Dec 242010

I am starting a series of blog posts for users who are new to Ubuntu. After spending all the time working on Windows, users face a learning curve for even doing simple tasks in Linux. I am going to explain some of those tasks and hopefully it makes things simpler.

The first task many users struggle with is usually shortcut keys. Having gotten used to a few short cut keys in Windows, users find it adapt to the different keys in Linux. I am going to explain how to see existing key mappings and add your own keys. Unlike Windows which usually comes with a single desktop management software – Windows Explorer, Linux has a multitude of options. The two most popular ones are GNOME and KDE. A list of keyboard shortcuts for both these environments can be found here.

Apart from the ones given, there might be scenarios where you want to add your own shortcut keys. Lets see how to do that. First on the top navigation menu, click System -> Preferences -> Keyboard Shortcuts

You will see the Shortcut keys window which can be collapsed to four main categories – Sound, Desktop, Accessibility and Windows Management.

Clicking on any of the categories gives you a list of functions and the shortcut keys assigned for them. Some functions are not assigned shortcuts and given as disabled. If you click on any function, it is highlighted and the shortcut changes to “New Shortcut…” The window is now ready to accept the new key combination and you can enter your desired key to it.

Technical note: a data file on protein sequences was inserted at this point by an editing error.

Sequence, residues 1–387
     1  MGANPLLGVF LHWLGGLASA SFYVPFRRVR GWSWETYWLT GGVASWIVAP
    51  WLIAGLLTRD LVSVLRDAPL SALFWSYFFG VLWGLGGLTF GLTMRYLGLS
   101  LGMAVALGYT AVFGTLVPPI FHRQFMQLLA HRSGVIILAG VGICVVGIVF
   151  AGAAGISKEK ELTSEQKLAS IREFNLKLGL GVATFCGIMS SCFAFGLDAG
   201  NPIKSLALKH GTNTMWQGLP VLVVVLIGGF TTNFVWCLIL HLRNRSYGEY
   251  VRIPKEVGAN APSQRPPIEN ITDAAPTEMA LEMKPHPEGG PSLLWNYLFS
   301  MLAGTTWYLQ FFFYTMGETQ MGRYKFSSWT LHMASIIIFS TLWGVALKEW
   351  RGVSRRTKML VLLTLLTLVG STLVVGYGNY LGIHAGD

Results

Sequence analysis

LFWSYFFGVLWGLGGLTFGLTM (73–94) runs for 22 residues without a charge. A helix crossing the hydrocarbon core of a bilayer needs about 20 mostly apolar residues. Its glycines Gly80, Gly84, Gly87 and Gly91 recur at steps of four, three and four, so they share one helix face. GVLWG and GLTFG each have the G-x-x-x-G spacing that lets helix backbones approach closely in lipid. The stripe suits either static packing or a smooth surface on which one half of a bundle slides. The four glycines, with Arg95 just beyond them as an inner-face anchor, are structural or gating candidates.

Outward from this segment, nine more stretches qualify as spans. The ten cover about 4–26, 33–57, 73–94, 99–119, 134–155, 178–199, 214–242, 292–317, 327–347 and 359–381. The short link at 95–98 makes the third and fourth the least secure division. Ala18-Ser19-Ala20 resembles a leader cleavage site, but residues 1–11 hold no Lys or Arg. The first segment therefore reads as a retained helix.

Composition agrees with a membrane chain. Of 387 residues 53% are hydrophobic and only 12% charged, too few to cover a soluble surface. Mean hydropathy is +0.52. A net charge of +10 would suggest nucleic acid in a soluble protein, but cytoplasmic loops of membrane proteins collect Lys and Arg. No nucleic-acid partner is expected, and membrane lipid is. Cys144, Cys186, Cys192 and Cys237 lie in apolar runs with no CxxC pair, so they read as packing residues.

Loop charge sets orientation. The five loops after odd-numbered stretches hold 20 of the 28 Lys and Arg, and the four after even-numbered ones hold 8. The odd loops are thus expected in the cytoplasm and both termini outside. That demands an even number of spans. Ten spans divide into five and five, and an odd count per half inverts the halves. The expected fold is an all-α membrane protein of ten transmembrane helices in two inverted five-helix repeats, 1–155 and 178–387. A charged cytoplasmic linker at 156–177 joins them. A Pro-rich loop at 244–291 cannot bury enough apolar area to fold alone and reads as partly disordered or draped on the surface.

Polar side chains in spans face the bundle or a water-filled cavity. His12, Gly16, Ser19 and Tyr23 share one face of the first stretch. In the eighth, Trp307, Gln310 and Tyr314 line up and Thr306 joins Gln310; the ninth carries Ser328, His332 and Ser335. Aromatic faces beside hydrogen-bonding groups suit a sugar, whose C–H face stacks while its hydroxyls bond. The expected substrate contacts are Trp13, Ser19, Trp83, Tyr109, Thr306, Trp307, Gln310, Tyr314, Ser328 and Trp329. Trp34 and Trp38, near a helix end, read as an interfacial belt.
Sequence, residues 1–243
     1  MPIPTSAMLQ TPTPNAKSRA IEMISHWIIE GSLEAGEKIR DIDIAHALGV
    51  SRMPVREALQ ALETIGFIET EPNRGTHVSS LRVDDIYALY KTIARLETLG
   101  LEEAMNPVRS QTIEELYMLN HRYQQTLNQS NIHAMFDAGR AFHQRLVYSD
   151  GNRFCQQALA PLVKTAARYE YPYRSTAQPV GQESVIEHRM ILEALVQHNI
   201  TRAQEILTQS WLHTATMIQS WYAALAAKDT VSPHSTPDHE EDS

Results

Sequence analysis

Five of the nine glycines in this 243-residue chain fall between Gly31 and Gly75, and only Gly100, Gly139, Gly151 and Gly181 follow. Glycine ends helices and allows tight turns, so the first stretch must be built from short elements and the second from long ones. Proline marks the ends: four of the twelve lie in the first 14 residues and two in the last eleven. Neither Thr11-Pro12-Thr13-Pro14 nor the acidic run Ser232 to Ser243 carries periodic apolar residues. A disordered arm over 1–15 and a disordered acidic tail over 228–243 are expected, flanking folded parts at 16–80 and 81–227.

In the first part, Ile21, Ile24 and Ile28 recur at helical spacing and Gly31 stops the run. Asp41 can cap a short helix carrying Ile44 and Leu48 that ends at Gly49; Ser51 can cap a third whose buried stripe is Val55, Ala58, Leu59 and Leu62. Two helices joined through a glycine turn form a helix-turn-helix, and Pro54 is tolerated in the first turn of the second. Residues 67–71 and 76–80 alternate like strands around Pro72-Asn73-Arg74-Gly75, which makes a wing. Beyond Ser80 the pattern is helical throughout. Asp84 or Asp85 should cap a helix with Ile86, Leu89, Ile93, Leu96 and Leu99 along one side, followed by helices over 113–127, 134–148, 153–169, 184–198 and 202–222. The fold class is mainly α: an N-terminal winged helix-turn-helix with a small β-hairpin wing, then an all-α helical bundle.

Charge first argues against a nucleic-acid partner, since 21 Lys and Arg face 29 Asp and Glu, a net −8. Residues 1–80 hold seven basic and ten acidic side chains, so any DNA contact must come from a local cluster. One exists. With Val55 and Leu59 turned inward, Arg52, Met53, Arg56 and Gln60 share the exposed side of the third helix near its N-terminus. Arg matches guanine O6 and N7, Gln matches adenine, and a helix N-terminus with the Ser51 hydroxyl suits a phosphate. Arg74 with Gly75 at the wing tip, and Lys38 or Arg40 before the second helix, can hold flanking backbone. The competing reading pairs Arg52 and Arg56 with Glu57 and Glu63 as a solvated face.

Oct 202010

For the last few months, I am almost exclusively using Ubuntu as my primary operating system. Due to this my .NET development suffered quite a bit and was limited just to work. To find a way around I installed Mono and played around with it.

Though a lot of people believe that .NET is completely tied with the Windows API, that is not exactly true. If we look at the source code of the .NET runtime (released by Microsoft under the name Rotor/SSCLI), there is a seperate layer called the Platform Adaption Layer (PAL) written which acts as an abstraction between the OS and runtime. This layer allows people to write their own implementations of the CLR to translate CIL into native code.

The mono project is one such effort which has ported .NET to both Mac and Linux environment. Even though Mono can work on Linux, I wouldnt really recommend using it for a production application because you might end up with bugs and small irritants while running it on linux which you can ill afford for a commercial application. So if you want to write once, run anywhere, Java is still your best bet.

To install Mono, first the repository needs to be added to the package manager. The mono packages are available here and a guide to add them is given here. After the source is added, click reload to update the list. The use the familiar apt-get command to install Mono. If that doesnt work enable the multiverse repositories or you can use the GUI Synaptic package manager.

Now mono is the application which can execute a .NET exe file. It however cannot compile the code. For that there is another application called mcs. To install it use the following command.